They all mean the same thing. But if you only pick one for your search string, you would be missing out on some good candidates who’s vocabulary differ from yours.

Know the common synonyms that would refer to the same thing and use a parentheses to make sure all are considered.


a man suffering from too much boolean search information

Yes, I know.

Boolean isn’t the most interesting read. Chances are you have bounced off to your Facebook and Instagram a dozen times before reaching to this paragraph.

But it is crucial so you can save time in future sourcing and help you reach out to the right audience.

As the world of recruitment gets more and more competitive, all these would be significant to ensure you get an edge and be ahead.

Unfortunately, what I covered earlier would also put you on par with many recruiters and sourcers who could pull together effective search strings in their sleep.

To get ahead, you need to level up and go onto the expert level.[et_bloom_locked optin_id=”optin_9″]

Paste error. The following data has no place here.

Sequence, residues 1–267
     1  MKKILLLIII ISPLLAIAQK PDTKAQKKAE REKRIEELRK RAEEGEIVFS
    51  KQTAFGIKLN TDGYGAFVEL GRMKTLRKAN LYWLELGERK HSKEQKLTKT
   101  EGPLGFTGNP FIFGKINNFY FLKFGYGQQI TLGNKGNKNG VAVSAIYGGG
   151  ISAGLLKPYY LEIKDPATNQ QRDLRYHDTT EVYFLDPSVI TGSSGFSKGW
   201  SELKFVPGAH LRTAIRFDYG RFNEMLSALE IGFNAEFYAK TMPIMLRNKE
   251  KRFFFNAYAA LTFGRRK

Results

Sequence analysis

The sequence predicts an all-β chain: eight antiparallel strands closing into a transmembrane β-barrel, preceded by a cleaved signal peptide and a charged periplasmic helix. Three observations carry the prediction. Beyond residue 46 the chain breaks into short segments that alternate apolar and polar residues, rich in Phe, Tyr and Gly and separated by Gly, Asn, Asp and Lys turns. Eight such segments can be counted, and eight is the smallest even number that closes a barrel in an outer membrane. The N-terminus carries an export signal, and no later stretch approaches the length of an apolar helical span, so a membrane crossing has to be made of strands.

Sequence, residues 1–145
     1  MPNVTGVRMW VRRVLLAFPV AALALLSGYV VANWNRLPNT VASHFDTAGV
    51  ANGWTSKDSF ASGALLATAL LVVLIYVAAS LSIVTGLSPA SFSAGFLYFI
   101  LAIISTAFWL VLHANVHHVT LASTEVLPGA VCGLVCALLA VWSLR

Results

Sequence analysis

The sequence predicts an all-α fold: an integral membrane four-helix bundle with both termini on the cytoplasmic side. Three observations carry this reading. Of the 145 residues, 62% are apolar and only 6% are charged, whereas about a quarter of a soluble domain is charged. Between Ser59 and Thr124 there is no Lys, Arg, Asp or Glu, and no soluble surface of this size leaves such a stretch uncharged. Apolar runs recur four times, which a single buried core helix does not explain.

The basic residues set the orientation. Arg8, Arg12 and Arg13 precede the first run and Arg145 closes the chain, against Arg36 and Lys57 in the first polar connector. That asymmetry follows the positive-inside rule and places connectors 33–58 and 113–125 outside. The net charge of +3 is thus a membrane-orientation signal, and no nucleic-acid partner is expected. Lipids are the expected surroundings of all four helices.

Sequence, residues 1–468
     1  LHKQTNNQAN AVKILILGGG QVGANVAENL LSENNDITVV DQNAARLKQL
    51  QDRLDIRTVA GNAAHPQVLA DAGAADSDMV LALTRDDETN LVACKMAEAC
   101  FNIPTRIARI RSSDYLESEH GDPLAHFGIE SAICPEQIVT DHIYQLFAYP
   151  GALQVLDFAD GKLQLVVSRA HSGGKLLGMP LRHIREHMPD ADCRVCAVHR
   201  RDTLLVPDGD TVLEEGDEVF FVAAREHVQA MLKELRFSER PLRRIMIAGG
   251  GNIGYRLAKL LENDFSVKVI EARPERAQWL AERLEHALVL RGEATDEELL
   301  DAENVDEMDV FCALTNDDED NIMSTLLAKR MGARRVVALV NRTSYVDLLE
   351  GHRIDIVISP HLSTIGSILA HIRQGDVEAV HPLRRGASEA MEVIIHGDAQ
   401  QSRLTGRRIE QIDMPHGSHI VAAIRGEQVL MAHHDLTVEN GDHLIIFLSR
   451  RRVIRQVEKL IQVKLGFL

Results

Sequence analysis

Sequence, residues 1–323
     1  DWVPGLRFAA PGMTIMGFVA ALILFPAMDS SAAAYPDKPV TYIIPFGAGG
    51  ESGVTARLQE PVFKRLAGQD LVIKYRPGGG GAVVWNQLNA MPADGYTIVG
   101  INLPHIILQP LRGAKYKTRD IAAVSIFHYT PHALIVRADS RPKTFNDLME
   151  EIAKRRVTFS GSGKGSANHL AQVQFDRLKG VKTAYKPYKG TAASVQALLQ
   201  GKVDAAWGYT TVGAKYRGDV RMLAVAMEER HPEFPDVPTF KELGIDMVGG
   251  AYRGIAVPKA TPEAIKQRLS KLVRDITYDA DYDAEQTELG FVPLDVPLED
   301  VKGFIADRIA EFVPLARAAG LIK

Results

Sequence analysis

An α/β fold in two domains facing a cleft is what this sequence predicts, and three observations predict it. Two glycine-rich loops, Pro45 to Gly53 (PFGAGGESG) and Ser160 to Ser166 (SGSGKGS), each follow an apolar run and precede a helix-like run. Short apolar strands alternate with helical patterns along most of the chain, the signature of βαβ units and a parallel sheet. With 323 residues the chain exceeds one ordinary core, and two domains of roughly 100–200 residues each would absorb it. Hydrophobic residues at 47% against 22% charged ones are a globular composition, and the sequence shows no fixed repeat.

Advanced Boolean Tips And Tricks

  1. Multiple Operators

We learned earlier on the individual operators and how they work.

But they would only allow you to skim the surface.

If you want to deep dive into a specific target audience (and you should), it would require using as many available operators as possible and chain them into one single search string.

Let’s look at the following real life example. This is a job posting put up by StarHub.

Manager, Telco Network Security

To plan, lead, manage and organize the security operations in protecting StarHub’s enterprise and telco engineering networks.


  • Lead teams to deploy and operate Identity Management (IDM), Mobile Device Management (MDM) and Enterprise Single Sign-On (ESSO) solutions/ systems
  • Implement systems/ solutions to ensure business and security compliance in Payment Card industry Data Security Standard (PCI DSS), Regulatory and Cyber Security
  • Coordinate internal and external audit to ensure business processes and security policies are in place to govern the operations
  • Implement security applications and solutions (Firewall, IDS, IPS, email security, End-point protection, etc) to protect the StarHub enterprise and Telco engineering networks
  • Engage external MSS provider to provide security monitoring and alert for both the enterprise and Telco engineering networks